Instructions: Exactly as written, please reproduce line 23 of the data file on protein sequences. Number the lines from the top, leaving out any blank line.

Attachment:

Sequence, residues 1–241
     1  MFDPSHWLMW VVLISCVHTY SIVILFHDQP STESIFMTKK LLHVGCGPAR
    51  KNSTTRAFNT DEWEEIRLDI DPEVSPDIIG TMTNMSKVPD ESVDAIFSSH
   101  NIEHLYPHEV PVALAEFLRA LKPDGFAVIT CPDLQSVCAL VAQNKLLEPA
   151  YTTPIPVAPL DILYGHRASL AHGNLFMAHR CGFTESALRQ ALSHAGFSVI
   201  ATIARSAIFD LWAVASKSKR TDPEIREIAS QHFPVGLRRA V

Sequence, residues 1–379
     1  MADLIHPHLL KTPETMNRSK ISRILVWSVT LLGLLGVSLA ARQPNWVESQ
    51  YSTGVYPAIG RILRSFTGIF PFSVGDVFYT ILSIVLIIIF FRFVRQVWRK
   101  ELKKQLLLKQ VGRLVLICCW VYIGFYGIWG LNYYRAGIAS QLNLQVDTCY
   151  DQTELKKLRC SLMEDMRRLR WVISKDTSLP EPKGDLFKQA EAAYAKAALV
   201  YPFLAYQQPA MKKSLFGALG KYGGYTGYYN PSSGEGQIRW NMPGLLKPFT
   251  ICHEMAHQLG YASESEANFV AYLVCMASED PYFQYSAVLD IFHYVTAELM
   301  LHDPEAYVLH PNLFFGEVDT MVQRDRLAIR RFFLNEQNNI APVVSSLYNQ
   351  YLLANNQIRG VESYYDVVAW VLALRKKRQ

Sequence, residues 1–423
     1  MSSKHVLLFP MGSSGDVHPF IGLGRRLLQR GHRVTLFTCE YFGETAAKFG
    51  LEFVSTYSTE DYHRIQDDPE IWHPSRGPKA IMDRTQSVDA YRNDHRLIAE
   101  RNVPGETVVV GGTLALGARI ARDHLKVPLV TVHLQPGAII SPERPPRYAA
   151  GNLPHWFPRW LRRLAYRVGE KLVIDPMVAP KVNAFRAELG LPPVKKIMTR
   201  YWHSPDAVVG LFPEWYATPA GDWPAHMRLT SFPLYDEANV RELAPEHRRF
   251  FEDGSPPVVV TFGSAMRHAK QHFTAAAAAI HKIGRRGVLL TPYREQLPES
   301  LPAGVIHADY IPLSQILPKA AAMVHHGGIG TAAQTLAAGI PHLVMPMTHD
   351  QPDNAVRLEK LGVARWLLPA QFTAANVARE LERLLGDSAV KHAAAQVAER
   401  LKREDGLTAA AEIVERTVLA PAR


   301  LPAGVIHADY IPLSQILPKA AAMVHHGGIG TAAQTLAAGI PHLVMPMTHD